But replacing the internal wireless card isn't the only way to upgrade. If you have a PCMCIA slot or a PCMCIA Express slot, you can simply upgrade with the appropriate Wireless PCMCIA card. Or you could us a USB Wifi dongle. In fact, here, Belkin and Dlink both sell N kits that include a USB N Wifi key.

Remember also that 802.11N is still a draft standard. Most of the router manufacturers say their Draft N routers will be upgraded with a firmware patch but check if you decide to go down the N route.

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N works great
by rmalone1602 / April 17, 2009 3:22 PM PDT
In reply to: N or G?

Everyone is right about using an N router with a G laptop, you will be getting G performance. I bought a DLink N router and an N USB dongle for my laptop. I use my laptop 2 rooms away from my router and loose very little if any of the 20Mbs broadband speed. I have had no trouble with my N router after 3 months and actually find it more stable than the Linksys G router I was using before.
I am using a similar laptop Dell XPS M1530 and was able to replace the mini wifi card by only removing a small cover and a couple of screws. I had no issues with antennae. However, the USB dongle works just as well and is cheaper.

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n or g router
by kittikat21 / April 17, 2009 7:35 PM PDT
In reply to: N or G?

I have a gateway laptop purchased 1 month ago. Also a older desk top(5 yrs). I live in a house with plaster walls. Does this affect my wireless on my laptop? I have beeen told it does because of the chicken wire in the walls.I have an n router.Should i get a range booster? I cant go 25 feet from the router without losing signal. Im not computer smart so please use laymens terms.Thanks in adavnce.

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Well what I would do is....
by FrankQC / April 18, 2009 2:52 AM PDT
In reply to: n or g router

I would set up a repeater.

So basically what that is is you have 1 normal router (i.e. yours currently) then you get another router and you put it in the other room. What that other router will do is get signals from your normal router and give you that signal from the 2nd router. Your speed will be slightly affected but you will get higher bars.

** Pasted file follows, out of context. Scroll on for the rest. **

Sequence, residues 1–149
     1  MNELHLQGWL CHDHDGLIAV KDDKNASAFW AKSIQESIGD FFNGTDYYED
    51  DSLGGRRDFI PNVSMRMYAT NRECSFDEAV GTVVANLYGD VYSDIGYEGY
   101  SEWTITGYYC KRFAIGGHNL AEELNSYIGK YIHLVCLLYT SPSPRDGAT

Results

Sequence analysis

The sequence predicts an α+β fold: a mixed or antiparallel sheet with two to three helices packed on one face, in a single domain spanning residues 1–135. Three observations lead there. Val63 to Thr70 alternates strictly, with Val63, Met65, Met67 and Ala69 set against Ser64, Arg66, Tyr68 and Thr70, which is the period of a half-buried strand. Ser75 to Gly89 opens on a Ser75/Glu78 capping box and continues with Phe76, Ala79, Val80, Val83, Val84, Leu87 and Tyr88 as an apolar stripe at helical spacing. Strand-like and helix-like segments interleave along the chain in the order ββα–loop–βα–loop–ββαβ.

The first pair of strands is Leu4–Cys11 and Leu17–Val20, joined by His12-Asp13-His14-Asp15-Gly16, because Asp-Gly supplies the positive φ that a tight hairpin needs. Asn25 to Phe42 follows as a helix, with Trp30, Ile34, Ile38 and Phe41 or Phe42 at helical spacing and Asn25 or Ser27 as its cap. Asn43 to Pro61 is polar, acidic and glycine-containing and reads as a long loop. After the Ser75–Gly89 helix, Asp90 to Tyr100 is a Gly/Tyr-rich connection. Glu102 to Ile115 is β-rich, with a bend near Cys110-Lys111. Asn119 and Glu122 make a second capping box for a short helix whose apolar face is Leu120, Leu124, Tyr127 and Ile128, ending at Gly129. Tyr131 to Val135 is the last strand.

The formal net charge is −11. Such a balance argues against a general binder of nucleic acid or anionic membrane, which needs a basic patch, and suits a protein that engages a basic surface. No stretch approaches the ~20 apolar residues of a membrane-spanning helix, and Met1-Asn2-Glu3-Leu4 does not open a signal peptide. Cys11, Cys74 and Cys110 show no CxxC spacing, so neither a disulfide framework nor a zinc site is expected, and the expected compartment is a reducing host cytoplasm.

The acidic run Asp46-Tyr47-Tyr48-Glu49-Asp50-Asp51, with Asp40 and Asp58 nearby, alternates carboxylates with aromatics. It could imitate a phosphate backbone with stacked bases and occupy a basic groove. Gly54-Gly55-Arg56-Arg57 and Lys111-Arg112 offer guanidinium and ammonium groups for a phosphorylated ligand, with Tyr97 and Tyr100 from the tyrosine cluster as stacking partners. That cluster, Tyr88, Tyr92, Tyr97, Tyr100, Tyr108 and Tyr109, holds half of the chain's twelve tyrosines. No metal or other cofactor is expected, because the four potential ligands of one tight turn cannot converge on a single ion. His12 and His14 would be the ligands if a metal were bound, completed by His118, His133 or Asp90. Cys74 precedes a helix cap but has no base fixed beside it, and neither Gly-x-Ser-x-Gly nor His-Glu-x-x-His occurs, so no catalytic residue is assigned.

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Repeater or router?
by kittikat21 / April 18, 2009 6:44 PM PDT

So i should get another router or a repeater?What is the difference? Sorry for so many questions.If I get another router does it have to be the exact same kind? Ex: n and g router or both n routers? Thanks again for your patience.Have a good day!

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So yea that's the tricky part
by FrankQC / April 19, 2009 1:04 AM PDT
In reply to: Repeater or router?

Once you get a new router (it can be any kind), it has to be supported by the third party firmware you will install on it.

The firmware is called dd-wrt. Before buying a second router check this website to make sure that your router is supported by the firmware. There is no point on buying a router that isn't supported.

If you do decide to do the above, here are a few links to help you make your new router a repeater to receive signals from your primary router to make the signal better (note that performance if on wireless will be lower).

http://www.dd-wrt.com/wiki/index.php/Universal_Wireless_Repeater

http://www.wi-fiplanet.com/tutorials/article.php/3655041

p.s. second link is the one that I followed when setting up my router as a repeater.

I am not liable for any damage done by the third party firmware.

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router or repeater
by kittikat21 / April 21, 2009 6:35 PM PDT

Im sorry i dont understand what the dd-wt means. Should i go buy another linksys wrt110 router and just plug it in another room? Does it have to have a cable going to it? (cat 5)From the main router?(which is connected to my desk top)Im not very computer literate.So I don't understand it.Or would a repeater be easier?Thanxs for your patience.

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Ok
by FrankQC / April 22, 2009 3:40 AM PDT
In reply to: router or repeater

Your repeater can be either wireless or plugged to your first router. Note that wireless repeater drastically slows down your connection.

dd-wrt is a firmware. Firmwares enable hardware to work.

You have a firmware right now in your router. What we need to do is switch your second router's firmware to another firmware. Note that if you do it wrong it can break your router, just so you know.

Here are some links to help you understand:

http://www.cisco.com/en/US/i/000001-100000/65001-70000/65001-66000/66000.jpg

http://wiki.mikrotik.com/images/a/a7/Repeater123.jpg

Note that I am not liable for any attempts to transform a current router into a repeater. Thus, you should follow an official guide.

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N
by msgale / April 20, 2009 4:37 PM PDT

I have been running Pre N for at least a year with no problems. I use Vista 64 bit and Windows 2k3 with no problems. Drivers were included on the Retail Microsoft OS disk, so there wasn't an installation issue.

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N over G
by Mike+1 / April 17, 2009 10:13 PM PDT

I have a Toshiba laptop with a built-in g wireless card on Comcast cable internet and had some problems with my Linksys g router. I upgraded to a D-link wireless N router and bought a D-link wireless N card for the PCMCIA express card slot. This improved my connection distance and range by at least double. Speed is now very near what I get with a wired connection and fewer issues overall than before. For me, it was well worth the extra money to have a better wireless connection because I use the laptop all over my house and out on the back deck all of the time.